SPFx (SharePoint Frameworks) answered the developer’s needs by providing full support for client-side SharePoint development based on JavaScript. It was released in May 2016 and was made public in 2017.

The tendency now seems that maintaining complex developments based on any JavaScript frameworks such as Angular, React, Knockout, Handlebars or Vue.js, can be resource consuming. You need ideally in-house knowledge as external developers may take some time and money to dig in back into the code when a simple evolution is needed.

With SharePoint Online, now come PowerApps for the forms and PowerAutomate, previously known as Flow, for the workflow engine. Those are supposed to be low-code / no-code technologies. Having starting developing with it, we can see that it is not as low-code as Microsoft would like to sell us and you still great expertise to work your way around the limitations.

With OneDrive For Business being revamped to look more like its customer version OneDrive, and with the services Teams and List using SharePoint Online to store documents, wiki pages and data, we can see that SharePoint is seen more and more just as a backend storage.

This is also true when developing applications where the PowerPlatform is used to develop front-end forms and back-end workflows, and where a SharePoint site is just here to store the application’s data. Most developers do this for the simple reason that a SharePoint site is free compare to the expensive database hosting on Dataverse, previously known as the Common Data Service (CDS).

SharePoint development governance challenges

I always thought that using SharePoint lists as a relational database system was a bad idea. Now with developers and Microsoft using SharePoint as just a back-end storage, it becomes even worst to manage.


Imagine a database’s table where all users can start creating, updating or deleting any row.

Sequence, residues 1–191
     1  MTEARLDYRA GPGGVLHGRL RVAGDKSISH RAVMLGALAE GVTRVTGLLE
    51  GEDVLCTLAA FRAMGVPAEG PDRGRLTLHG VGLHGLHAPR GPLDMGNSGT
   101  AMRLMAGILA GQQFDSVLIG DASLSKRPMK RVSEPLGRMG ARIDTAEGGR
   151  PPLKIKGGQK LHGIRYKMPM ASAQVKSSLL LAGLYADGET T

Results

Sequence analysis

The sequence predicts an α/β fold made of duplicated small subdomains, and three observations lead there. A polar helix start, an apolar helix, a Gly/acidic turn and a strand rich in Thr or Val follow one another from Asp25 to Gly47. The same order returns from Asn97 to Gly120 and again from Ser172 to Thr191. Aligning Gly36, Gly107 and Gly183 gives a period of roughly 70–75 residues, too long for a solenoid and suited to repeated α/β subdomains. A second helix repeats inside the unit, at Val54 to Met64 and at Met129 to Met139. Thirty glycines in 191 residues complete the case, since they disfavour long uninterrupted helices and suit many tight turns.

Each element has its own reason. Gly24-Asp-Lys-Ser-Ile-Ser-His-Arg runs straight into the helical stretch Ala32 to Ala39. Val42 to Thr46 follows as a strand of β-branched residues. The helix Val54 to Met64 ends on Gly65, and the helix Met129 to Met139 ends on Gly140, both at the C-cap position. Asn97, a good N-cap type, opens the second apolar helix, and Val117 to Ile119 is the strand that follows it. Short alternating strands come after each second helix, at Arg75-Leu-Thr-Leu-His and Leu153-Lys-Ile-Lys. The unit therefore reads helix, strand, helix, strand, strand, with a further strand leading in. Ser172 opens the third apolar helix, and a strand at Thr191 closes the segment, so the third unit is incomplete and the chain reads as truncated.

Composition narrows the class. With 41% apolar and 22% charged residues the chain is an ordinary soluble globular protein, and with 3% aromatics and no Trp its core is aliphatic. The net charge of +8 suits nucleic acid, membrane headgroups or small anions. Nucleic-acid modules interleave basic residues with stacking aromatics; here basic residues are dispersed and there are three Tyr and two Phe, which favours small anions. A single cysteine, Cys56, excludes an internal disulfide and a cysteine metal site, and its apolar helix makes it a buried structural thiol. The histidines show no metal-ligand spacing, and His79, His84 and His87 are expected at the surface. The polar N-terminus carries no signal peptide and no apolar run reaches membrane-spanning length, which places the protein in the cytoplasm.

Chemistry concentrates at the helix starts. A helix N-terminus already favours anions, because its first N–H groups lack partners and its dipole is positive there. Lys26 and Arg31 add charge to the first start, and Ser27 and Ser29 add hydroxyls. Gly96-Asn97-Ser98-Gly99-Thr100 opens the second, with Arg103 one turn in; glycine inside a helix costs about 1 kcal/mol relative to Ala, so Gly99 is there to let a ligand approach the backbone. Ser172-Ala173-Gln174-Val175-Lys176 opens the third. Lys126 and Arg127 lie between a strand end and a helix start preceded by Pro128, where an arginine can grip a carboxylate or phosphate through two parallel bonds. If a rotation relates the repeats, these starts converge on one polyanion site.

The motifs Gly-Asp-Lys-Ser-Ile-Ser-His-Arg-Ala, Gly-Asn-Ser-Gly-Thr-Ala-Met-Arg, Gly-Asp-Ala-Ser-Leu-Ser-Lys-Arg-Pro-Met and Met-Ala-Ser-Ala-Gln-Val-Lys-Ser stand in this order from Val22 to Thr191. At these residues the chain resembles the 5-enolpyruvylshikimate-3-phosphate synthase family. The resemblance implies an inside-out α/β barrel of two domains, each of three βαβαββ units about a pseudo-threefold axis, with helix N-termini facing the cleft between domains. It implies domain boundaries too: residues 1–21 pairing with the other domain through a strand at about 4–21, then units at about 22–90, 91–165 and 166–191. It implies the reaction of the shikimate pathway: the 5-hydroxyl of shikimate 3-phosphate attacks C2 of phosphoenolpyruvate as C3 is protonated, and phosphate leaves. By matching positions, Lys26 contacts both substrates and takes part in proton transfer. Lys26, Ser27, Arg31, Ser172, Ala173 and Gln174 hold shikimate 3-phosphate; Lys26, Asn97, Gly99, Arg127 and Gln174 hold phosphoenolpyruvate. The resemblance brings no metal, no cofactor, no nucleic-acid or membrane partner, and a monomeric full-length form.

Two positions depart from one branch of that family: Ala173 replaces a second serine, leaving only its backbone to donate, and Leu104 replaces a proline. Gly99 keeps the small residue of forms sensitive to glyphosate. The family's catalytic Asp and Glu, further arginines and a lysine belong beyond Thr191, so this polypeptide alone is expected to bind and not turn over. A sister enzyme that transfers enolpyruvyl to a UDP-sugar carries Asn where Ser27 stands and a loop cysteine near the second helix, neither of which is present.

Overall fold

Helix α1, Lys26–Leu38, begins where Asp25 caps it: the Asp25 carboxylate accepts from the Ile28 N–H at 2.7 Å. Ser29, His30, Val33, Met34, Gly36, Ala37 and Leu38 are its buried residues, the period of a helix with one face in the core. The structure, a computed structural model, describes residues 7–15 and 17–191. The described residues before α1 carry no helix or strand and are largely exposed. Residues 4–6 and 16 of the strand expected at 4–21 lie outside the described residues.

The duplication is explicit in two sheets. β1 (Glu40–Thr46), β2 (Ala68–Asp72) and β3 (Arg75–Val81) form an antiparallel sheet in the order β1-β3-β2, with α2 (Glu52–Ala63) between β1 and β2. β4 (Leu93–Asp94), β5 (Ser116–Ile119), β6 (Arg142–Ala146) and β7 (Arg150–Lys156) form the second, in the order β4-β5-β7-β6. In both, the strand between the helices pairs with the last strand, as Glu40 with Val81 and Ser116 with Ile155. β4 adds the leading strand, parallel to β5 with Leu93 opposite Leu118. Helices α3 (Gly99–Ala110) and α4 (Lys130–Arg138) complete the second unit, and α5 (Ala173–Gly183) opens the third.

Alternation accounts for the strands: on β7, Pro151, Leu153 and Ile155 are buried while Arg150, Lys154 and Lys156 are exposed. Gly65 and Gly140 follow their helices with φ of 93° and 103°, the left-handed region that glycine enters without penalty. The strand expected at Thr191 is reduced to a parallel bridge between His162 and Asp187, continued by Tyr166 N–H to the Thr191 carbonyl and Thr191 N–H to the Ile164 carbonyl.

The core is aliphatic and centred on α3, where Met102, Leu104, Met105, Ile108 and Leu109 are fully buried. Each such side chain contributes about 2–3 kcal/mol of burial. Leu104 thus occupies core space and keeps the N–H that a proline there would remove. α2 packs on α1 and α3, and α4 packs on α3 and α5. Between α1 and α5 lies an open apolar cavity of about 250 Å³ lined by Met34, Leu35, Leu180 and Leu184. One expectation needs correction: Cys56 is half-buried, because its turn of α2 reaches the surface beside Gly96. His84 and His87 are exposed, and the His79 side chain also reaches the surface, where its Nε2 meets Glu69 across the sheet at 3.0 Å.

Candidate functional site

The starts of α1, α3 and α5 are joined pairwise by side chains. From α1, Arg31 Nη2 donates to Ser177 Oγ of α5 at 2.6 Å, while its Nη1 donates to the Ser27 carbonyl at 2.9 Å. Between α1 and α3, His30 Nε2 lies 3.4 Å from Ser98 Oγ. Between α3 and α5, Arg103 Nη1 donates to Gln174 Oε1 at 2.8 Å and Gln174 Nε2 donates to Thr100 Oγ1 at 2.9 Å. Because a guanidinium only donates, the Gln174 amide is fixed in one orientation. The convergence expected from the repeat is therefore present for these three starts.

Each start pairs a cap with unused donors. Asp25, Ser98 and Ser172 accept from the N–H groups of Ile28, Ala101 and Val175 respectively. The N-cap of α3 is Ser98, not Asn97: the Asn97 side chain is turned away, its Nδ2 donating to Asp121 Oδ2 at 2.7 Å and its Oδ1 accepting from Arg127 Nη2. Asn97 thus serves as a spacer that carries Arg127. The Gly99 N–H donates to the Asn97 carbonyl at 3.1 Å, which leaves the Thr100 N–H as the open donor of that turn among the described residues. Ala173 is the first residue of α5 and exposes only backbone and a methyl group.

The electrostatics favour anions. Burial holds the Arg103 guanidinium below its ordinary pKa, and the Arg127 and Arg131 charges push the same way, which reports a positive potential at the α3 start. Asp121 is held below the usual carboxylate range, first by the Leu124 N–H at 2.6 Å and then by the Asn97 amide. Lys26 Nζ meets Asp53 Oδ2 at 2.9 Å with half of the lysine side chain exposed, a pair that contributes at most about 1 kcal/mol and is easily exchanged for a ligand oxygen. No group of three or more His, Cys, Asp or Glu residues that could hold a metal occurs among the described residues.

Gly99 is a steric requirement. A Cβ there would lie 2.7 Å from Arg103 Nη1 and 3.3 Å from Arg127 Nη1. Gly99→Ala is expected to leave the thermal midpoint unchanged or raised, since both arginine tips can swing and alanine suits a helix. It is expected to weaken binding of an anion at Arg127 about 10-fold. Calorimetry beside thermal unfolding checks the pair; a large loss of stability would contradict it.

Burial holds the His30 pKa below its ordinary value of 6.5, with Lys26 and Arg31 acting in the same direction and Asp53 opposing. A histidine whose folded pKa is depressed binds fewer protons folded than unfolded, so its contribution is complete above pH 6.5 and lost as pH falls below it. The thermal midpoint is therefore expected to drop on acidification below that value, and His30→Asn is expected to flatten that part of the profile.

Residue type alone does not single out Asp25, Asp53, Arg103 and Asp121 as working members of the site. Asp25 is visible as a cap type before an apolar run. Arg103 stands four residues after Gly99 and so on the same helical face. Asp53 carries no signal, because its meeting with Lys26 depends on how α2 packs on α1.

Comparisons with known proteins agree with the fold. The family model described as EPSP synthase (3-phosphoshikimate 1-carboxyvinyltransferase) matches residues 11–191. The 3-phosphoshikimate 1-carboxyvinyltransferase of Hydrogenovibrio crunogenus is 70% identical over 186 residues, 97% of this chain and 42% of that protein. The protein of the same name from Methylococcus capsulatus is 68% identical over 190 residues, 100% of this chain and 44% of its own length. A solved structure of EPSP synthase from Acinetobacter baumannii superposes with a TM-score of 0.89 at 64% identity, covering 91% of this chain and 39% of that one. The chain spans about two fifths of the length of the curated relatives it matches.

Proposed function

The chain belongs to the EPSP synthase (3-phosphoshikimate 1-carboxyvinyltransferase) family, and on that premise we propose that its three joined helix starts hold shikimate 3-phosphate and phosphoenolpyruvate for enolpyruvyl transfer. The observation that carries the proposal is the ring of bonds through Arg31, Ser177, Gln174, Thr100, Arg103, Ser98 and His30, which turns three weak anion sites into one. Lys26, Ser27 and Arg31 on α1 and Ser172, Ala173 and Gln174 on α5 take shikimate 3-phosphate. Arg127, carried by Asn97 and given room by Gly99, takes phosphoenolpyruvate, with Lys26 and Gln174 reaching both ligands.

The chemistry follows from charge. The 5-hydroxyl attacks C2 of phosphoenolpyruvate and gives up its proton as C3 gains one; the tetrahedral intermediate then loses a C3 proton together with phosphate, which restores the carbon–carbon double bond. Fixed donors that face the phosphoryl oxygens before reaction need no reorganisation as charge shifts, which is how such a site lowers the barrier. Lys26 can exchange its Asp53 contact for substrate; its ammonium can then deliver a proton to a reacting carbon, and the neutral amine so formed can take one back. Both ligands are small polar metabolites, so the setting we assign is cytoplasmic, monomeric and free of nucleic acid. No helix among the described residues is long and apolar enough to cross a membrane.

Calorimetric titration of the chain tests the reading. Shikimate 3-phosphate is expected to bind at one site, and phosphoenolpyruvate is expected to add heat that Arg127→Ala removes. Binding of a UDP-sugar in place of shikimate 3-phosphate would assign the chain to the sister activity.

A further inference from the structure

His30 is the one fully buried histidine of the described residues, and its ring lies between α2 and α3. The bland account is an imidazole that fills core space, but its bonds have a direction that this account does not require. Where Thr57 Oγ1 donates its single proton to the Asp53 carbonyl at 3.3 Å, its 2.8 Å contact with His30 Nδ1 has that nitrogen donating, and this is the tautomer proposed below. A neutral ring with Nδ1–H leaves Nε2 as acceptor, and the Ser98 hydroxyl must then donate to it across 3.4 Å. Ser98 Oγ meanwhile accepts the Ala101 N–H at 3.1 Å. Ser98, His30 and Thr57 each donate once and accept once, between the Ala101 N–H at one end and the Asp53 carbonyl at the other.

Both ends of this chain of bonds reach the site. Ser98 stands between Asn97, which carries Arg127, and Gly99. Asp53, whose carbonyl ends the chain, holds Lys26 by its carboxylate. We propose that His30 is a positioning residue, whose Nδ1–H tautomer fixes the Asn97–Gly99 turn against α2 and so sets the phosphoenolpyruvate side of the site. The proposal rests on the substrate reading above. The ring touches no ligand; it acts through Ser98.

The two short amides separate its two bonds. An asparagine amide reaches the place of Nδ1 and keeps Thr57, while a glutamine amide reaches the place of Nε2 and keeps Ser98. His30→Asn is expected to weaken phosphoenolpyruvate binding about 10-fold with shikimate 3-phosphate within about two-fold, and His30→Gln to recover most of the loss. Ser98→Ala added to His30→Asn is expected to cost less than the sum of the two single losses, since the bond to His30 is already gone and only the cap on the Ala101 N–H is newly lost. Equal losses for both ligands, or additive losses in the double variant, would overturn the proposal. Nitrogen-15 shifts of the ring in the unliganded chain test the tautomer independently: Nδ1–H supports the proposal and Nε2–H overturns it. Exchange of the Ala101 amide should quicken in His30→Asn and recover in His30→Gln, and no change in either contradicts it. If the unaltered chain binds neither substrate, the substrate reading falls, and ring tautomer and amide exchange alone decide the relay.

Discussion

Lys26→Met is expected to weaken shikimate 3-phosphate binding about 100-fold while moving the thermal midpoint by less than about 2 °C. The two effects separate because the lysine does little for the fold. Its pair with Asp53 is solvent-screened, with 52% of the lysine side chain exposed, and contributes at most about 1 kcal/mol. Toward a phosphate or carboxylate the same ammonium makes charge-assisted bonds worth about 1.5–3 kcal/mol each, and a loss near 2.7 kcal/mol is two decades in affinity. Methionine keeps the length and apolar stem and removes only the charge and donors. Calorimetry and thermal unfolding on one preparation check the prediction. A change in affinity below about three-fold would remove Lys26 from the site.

Changing the permissions of a back-end SharePoint site, disabling the search indexing of the lists used to store data, are just 2 simple examples of best practices which should be done by default but are often missed. Ideally a workflow should change every single item’s permission of the lists depending on its status, but this is not implemented in most applications as this require quite a lot of work.

Application proliferation

  • Teams’ owners can easily break the back-end SharePoint site of their Teams.
  • Team’s members can create entire applications just by going to this back-end.

Just like in the old days of the 1990s and 2000s, Microsoft allowed anyone to start developing applications on Office using VBA. The upgrading of Office of one version to another became then very difficult with unknown and unmanaged business critical applications resurfacing all of a sudden.
Here we go again. Savage, uncontrolled proliferation of less than average quality “applications” is bound to happen with Microsoft 365.
I hope to write another post on my view on how to control this.

So now what’s next?

  • By putting an end of support of both SharePoint on-premise 2016 and 2019 for 2026, Microsoft is showing us the way out of on-premise farms to the cloud.
    SharePoint 2022 will have an even shorter life span of only 5 years, which should lead us to what? 2026 or 2027 before being out of support?
    Basically, if you wish to carry on using SharePoint, start thinking moving to SharePoint Online.

  • Finally, if you are really onto security for your business-critical applications, do not use SharePoint Online as a back-end storage. Not that it does technically lack security, it’s just that most PowerPlatform developers won’t bother implementing even the simplest best practices. Use Dataverse instead, it may be costly but at least you’ll have full control of who can do what.

Published by

Jean-François Pironneau

Travaillant depuis 2003 sur les versions successives de SharePoint, je me suis spécialisé au fur et à mesure des années dans la partie infrastructure/technique, puis récemment dans la gouvernance de Microsoft 365.